Davis High School senior Prachi Bulsara doesn’t know much about football, but that doesn’t stop her from enjoying the games.
“I don’t know what’s going on most of the time,” said Bulsara, who serves as the Associated Student Body vice president. “But when I hear everybody else cheering, I start cheering.”
She’s been cheering a lot this season.
After going 8-31-1 since 2009, their last winning season, the Spartans are 4-0for the first time in more than a decade. And, for the first time in years, there’s a buzz on campus regarding the football team.
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Four years without a winning team might not seem that long, but Davis was once a powerhouse in the old Central California Conference, and a contender in the early days of the Modesto Metro Conference. And the fall was swift and definitive.
After years with nearly 3,000 students, the school’s enrollment began a rapid decline in 2010.
“Before Gregori opened, we used to get kids from the Salida area and other realms on the northwest side of town,” said Davis principal Mike Rich. “The reason Gregori opened is because we weren’t built to have that many kids.”
A similar decline impacted Johansen when Enochs opened in 2006.
Davis’ student population is now just under 1,600. But the Spartans are done talking about being the smallest school in the MMC.
“We’re trying to take away the negativity as much as possible and make it as exciting and special for the kids that we have here,” said Tim Garcia, who coached for seven seasons at Central Valley in Ceres before returning to his alma mater three seasons ago, the first two as offensive coordinator. “It seems to be working so far.”
The Spartans look like a team that can vie for one of the MMC’s two automatic playoff berths. Failing that, they could still get into the playoffs by virtue of their overall record, and they’re certainly capable of winning six or seven games this year. But playoffs or not, they’re just two wins from a winning season.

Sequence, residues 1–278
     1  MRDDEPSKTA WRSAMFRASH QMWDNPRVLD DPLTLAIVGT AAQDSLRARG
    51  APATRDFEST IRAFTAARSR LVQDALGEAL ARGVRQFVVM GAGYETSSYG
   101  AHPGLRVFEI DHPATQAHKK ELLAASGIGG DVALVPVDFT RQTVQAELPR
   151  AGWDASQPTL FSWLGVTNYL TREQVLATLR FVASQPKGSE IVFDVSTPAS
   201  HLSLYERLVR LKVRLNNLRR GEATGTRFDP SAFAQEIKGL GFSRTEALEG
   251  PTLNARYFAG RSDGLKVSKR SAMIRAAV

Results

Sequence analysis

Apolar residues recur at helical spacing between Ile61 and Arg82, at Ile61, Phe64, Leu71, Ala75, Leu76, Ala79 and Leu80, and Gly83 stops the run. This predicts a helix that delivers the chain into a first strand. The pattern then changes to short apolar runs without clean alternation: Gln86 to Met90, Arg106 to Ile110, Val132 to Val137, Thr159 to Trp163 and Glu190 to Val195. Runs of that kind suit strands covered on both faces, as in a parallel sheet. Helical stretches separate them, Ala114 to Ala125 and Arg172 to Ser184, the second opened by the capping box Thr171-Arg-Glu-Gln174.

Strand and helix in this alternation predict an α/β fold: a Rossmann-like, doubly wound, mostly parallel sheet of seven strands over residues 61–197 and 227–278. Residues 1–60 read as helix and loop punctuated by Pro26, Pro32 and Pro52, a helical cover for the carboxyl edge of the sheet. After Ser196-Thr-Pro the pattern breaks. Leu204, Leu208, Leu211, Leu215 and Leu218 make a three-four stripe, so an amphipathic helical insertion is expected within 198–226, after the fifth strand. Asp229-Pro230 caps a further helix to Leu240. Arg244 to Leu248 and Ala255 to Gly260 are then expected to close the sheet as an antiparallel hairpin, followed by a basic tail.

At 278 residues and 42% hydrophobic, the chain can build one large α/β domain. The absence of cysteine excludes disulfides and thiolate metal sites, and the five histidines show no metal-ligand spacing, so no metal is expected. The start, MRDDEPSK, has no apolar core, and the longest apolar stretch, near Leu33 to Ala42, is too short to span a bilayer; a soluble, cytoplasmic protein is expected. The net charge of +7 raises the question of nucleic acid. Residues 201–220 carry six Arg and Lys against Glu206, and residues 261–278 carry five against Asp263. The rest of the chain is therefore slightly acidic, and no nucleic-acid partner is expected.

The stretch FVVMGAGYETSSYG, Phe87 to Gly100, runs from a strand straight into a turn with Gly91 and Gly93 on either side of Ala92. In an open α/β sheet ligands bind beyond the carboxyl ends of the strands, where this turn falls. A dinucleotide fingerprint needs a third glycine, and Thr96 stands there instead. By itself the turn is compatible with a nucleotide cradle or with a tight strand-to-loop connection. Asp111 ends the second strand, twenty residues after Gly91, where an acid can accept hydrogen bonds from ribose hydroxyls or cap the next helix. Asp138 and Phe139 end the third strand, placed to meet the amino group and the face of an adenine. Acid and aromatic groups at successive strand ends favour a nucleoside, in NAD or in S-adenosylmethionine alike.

Davis begins MMC play Friday when it hosts winless Enochs at Downey’s Chuck Hughes Stadium. Kickoff is 7:30 p.m.
“Garcia is a phenomenal coach,” said senior running back Darin Lugo, who scored two touchdowns in last week’s 52-20 win over Weston Ranch (Stockton). “He’s really bonded with our team. He loves us, we can tell.”
Garcia said developing better relationships with his players is the area he has developed the most since he started coaching.
“I’m definitely older and wiser,” said Garcia, who has played for or been associated with a veritable who’s who of Modesto coaches in Len Johnston, Don Lanphear, Dan Gonsalves, Dan Pacheco, Mike Glines, Steve Da Prato and Sam Young. “My perception on life, in general, is way different. I’m more detail-oriented now; my communication with kids is different. Football isn’t the most important thing, and neither is winning.”
Winning may not be the most important thing to Garcia, but it sure is important to Davis’ student body. Janice Espindola, a junior cheerleader, can tell the difference winning makes.
“Last year, there wasn’t really a crowd at the games,” Espindola said. “This year, there are a lot more people coming to the games and it’s fun to get them involved. It’s really exciting to see them so excited for the team.”
The excitement isn’t restricted to Friday nights. The activities during school hours bring the football players and other students together. During lunch on Fridays – game days – a few players will back their pickup trucks into the quad area and host a potluck tailgate party.
Also, a different school group or club will host an event designed to build school spirit and unity – goofy stuff, such as putting a cookie on your forehead and trying to get it into your mouth without using your hands; or forming a circle with classmates, clasping hands and trying to pass a hula hoop from one student to the next without breaking the chain.
Some of the credit for the resurgence in school spirit is given to activities director Ann Farina, who has worked in the Modesto City School District for more than 20 years.
“I don’t want them to worry about what others think about them, or that they might look silly doing something,” Farina said. “Just go out and do it. That’s what’s fun about high school – being involved.”
The football team riding a surprising wave of success makes everything more fun.
“I think it plays a big part,” said Farina, who has worked at Davis for 10 years. “It helps the kids want to be here. We all know that we need academics, but fun enhances academics.”
And a winning football team enhances the fun.
“The school is more like a family now,” said Corina Huey, Davis’ senior class vice president. “We’re more together now, and we’re making memories now.”